Contributed by Joe Montero
Sunday 3 December marked the anniversary of the Eureka Stockade rebellion in the Victorian gold fields at Ballarat.
The diggers had risen against the mining licence fee and the brutality of the troopers. But it was also about much more than this. Theirs was a battle for freedom from rule by a privileged few. The Australian colonies, especially Victoria, were then under the tight grip of a newly emerged landed gentry (the Squattocracy), operating in alliance with the colonial administration. Eureka was a battle for equality and freedom from the power of the privileged.
Much of the population that had flooded in to search for gold and those who had grown up in the colonies had little taste for the rigid class system of Europe. There were strong democratic and republican strands to the rebellion. These aspects and the preparedness to stand together in common cause were symbolised in the Southern Cross flag that was raised in the stockade. The symbol continues to play this role today.
The troopers struck in 1854 at 6.20 am, 163 years ago. Defenders of the stockade were killed accused leaders caught and still alive were put on trial. The population stood on the side of the defendants. Melbourne, where the trials were held, witnessed most of its population rally in front of the court. The prospect of massive and armed rebellion was on the cards. The authorities were ultimately forced to back down.
A new sense of what it is to be Australian began to form. The ensuing political wave brought about the end of property qualifications to vote. The leader of the Eureka Rebellion was elected into the Victorian parliament and became the premier. The wave kept on and was at the centre of the movement to self-government in the early Twentieth Century.
Two contradictory traditions have come to play over the years. One is the narrowness and xenophobic view of the world that stems from that section of society that ordered the attack on the Eureka stockade. The other is the alternative that was forged by the defenders of the stockade.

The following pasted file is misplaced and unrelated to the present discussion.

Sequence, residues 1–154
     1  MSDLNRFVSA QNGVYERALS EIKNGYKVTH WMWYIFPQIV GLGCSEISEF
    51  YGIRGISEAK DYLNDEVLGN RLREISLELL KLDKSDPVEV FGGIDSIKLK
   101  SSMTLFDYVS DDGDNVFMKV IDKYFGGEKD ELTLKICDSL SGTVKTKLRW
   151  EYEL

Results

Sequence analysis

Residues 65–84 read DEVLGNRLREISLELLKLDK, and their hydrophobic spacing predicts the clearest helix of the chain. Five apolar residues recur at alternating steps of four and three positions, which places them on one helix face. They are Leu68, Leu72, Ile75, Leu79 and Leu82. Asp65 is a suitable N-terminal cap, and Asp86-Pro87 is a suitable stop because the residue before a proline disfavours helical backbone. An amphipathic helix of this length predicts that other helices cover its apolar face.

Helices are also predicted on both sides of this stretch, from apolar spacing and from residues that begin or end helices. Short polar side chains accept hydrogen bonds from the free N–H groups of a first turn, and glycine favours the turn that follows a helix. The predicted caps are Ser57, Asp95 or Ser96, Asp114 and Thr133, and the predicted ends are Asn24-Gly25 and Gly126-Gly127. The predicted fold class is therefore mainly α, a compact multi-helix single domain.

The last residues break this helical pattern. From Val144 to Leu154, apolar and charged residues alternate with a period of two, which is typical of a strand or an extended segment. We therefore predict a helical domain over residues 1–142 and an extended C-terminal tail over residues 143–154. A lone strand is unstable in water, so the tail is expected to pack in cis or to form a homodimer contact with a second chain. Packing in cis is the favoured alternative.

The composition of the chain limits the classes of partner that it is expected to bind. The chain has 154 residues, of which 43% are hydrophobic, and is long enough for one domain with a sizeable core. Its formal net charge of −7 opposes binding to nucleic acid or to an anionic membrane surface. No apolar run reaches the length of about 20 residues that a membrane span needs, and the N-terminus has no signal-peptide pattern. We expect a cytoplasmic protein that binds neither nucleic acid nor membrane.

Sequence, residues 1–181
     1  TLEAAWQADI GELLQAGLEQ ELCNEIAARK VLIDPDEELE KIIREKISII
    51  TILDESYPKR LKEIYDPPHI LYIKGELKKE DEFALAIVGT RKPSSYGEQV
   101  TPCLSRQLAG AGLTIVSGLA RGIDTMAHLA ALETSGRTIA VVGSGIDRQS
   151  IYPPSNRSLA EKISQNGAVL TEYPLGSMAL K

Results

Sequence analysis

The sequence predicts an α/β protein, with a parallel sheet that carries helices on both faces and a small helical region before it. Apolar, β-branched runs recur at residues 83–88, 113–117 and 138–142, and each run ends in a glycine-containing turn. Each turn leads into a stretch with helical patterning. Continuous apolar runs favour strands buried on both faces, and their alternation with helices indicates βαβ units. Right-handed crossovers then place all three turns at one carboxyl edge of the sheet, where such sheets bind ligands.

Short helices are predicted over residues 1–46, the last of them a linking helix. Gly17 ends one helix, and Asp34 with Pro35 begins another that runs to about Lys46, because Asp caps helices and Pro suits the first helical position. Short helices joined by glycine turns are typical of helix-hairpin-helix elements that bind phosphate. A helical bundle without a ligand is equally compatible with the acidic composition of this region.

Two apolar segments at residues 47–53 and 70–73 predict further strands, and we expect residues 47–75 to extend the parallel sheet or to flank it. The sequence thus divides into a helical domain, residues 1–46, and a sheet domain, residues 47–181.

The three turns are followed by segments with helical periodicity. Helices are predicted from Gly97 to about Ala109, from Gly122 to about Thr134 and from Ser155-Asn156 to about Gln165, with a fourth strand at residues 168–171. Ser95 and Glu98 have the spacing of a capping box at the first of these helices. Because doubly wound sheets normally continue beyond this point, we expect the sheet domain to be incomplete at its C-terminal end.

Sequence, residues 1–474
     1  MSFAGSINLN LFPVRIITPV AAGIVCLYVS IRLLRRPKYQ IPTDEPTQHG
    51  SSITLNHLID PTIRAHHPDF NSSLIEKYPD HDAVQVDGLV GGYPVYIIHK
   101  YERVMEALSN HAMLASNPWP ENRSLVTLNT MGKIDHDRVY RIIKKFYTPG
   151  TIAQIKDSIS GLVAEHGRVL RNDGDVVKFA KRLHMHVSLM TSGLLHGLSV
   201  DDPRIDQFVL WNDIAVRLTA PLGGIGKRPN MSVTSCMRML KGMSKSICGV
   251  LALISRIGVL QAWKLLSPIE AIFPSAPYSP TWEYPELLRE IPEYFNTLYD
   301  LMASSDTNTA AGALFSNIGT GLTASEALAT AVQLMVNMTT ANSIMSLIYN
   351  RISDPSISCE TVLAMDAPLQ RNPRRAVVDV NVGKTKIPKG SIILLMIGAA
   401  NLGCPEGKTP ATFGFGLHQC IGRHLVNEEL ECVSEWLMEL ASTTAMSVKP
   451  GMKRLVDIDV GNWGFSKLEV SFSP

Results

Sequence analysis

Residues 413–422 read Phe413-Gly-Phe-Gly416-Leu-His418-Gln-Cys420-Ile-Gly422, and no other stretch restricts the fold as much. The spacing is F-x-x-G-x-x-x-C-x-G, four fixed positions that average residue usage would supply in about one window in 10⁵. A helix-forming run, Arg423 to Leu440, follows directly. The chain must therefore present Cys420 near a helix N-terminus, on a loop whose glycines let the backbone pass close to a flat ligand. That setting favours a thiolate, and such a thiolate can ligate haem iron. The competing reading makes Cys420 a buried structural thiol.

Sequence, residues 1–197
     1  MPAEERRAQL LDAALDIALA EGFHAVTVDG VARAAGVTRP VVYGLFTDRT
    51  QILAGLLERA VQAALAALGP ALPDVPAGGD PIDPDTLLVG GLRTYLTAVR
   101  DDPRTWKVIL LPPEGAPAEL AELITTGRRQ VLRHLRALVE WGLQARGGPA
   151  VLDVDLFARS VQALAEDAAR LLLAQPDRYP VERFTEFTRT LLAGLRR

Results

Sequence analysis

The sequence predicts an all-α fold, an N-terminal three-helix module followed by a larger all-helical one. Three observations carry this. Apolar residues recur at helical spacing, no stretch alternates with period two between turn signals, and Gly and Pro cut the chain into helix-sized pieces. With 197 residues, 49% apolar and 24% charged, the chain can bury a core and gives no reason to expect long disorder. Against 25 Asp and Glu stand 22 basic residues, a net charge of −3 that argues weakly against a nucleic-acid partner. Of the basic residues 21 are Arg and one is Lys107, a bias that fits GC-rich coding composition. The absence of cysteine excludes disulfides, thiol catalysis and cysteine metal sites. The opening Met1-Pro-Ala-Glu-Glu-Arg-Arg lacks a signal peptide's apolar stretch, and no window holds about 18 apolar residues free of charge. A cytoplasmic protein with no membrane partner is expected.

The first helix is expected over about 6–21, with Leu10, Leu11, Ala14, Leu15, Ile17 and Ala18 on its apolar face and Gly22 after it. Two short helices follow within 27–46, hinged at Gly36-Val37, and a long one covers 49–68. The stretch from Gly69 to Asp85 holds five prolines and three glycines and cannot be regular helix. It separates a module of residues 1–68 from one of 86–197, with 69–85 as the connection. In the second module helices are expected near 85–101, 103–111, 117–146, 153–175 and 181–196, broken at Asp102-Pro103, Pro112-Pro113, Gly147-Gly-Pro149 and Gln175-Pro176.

The Eureka rebellion was instrumental in rise of a new radicalism. It influenced the rise of the trade union movement. After the gold rush, most of the diggers sought jobs in the new industries that were springing up. The new workforce brought its sense of justice, sticking together and disdain for the toffs. The Eureka flag has flown at major union battles in the years since.
On the back of this impetus, combined with new influences coming in from abroad such as chartist, republican and socialist interpretations of the time, gains were made in the workplace that were the envy of the rest of the world. Australians achieved the first eight-hour day in 1856. The gains of economic growth were more evenly distributed, when compared to other countries.
Eureka also represents the coming together of people from many nations and different cultures. English, Irish, Italians and other Europeans,Americans (including former slaves), Canada, China, India and other places. This where Australia first emerged as a multicultural society and became a shining example to the whole world.
Eureka began a journey that continues today, for it cannot be truly said that the vision began in Ballarat has been truly won. Advances have been made, but there remains a lot to achieve.
The diggers fought to empower every citizen, whether at work or at home. The right to work together as the decisive force to create a better future has not been won. Experience has shown that this requires more than the right to vote and be ruled over by a caste in the service of big money. Political power needs to be in the hands of the population and this requires the growth of the institutions that will ensure it.
The Diggers found that they had to take matters into their own hands to make a difference. This is the legacy they left us and we should honour this by finding ways to continue what they began.
The diggers’ oath was, “We swear by the Southern Cross to stand truly by each other and fight to defend our rights and liberties”.